It seems that for every ‘good’ piece of technology, a ‘bad’ exists to offset it. And for every invention developed with the best of intentions, it sure seems able to be put to some awful uses. Medicine, atomic bombs, television—you name it, it fits within the multi-colored spectrum of humanity’s creations—a spectrum that seems to sum at zero in the end. Seemingly no chance to avoid the development, use, and misuse of technology, it’s best to take a fatalistic view; whatever happens, happens—at least this is the view I came upon reading Kurt Vonnegut’s 1963 Cat’s Cradle.
Cat’s Cradle is the story of the everyday journalist John and his attempts to write a book about what Americans were doing the day Hiroshima was bombed. Desiring to include the inventor himself, John seeks out Felix Hoenikker, the brain power behind the weapon. Learning he’s since passed, however, John settles for interviewing his surviving children. Through the course of getting the interviews and other material for the book, John arrives on the island of San Lorenzo in the Caribbean. The local dictator not the only strange aspect to life there, a religion called Bokononism permeates society with mysterious precepts shrouded in words such as ‘karass’, ‘foma’, ‘sinookas’, and many others. John also learns of a secret substance called ice-nine and its radical potential to alter the world in ways humanity never dreamed. But the biggest surprise of all on San Lorenzo is the dictator’s announcement on his deathbed. John’s job is about to change.
If it isn’t obvious, one of the currents flowing through Cat’s Cradle regards the moral responsibility of the application of scientific knowledge. The atom bomb something difficult to justify the creation of from an ethical point of view, Vonnegut points a satirical finger at Hoenniker—mapped out by the title of the novel. Ice-nine taking the theme to the next level, however, Vonnegut moves from pointing to stabbing, the resulting humor never blacker. Or bleaker.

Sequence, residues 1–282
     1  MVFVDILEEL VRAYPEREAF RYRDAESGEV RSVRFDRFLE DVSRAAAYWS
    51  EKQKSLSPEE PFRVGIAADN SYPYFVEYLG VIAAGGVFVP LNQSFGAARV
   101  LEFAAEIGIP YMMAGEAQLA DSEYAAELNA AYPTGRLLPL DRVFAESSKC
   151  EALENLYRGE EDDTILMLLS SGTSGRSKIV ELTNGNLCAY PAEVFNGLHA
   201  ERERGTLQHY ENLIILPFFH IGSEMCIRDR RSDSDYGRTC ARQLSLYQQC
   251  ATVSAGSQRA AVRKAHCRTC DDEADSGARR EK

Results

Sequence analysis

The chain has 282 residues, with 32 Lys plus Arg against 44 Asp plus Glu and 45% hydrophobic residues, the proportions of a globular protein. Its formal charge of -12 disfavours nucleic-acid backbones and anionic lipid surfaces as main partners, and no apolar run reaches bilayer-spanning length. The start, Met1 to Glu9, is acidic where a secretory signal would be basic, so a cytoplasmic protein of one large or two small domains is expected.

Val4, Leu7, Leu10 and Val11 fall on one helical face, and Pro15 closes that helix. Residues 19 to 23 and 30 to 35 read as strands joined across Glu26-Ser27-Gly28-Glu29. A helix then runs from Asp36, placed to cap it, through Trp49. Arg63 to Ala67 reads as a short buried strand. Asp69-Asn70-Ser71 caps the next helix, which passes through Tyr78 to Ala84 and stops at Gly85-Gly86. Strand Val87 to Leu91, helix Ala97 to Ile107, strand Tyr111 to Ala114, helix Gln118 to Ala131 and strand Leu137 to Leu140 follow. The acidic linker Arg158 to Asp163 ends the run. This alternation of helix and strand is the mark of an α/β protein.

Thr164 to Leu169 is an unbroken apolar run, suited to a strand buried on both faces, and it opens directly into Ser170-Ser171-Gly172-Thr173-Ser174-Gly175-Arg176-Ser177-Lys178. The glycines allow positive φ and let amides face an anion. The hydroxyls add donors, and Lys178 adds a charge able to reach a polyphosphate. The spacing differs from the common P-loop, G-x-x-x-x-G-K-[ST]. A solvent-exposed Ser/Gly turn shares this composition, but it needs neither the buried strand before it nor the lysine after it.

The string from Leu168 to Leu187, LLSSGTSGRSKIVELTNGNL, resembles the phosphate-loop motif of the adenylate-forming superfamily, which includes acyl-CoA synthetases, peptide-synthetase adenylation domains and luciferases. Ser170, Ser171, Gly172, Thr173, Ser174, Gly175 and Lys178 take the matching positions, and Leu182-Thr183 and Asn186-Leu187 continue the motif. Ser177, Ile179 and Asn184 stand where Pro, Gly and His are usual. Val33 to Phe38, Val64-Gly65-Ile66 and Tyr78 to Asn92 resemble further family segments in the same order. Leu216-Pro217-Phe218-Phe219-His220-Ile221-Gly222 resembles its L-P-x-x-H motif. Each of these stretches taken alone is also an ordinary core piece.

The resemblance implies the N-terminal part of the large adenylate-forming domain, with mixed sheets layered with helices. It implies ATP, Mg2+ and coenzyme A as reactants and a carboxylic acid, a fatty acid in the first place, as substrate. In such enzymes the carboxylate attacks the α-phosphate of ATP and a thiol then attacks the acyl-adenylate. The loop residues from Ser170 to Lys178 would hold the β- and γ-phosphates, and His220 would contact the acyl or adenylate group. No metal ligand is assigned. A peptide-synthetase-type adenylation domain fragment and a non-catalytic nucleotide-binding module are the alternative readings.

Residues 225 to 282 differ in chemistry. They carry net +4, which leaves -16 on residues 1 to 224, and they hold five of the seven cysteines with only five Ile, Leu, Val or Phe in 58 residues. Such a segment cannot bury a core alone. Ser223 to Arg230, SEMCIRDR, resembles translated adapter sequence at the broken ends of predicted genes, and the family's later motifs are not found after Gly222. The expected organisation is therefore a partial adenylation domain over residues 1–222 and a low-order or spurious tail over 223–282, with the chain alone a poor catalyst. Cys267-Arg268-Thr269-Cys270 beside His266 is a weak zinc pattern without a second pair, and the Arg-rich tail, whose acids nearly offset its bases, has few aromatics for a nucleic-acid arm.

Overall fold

There are many, including Vonnegut himself, who state that Slaughterhouse-Five is an anti-war piece. The proof fully evident, it’s difficult to dispute. But there are additional facets to the novel that get little print. Taking what was encapsulated in the ubiquitous “And so it goes” into deeper waters, Cat’s Cradle is a more profound expression of fatalism, i.e. the logical step falling after anti- anything. The climax of Cat’s Cradle occurring perhaps closer to the middle than the end, the denouement goes much further than Slaughterhouse-Five toward indicating that, combating the type of stupidity which has no respect for the potential human use of technology, i.e. ice nine, is futile. Vonnegut appears to have reconciled himself to the fact that the use of science is beyond the control of humanity, and that with inevitable invention comes inevitable use and misuse, application and misapplication.
In the end, Cat’s Cradle is a highly imaginative work of satire. Vonnegut honing in on science, particularly scientific application, he first creates a space for discussion on the moral aspects of developing technology that is known will only cause destruction (e.g. the atomic bomb), before moving to the criticism of technology whose use at first appears innocuous, but upon extended examination reveals itself as a game-changer for humanity whether it wanted it to be or not. A strong sense of fatalism underlying it all, Vonnegut’s creative juices were flowing. Bokononism one of the great, unheralded fictional ‘religions’, and for that, along with the aforementioned reasons, is one of two novels Vonnegut himself thinks of as his best (Slaughterhouse-Five the other).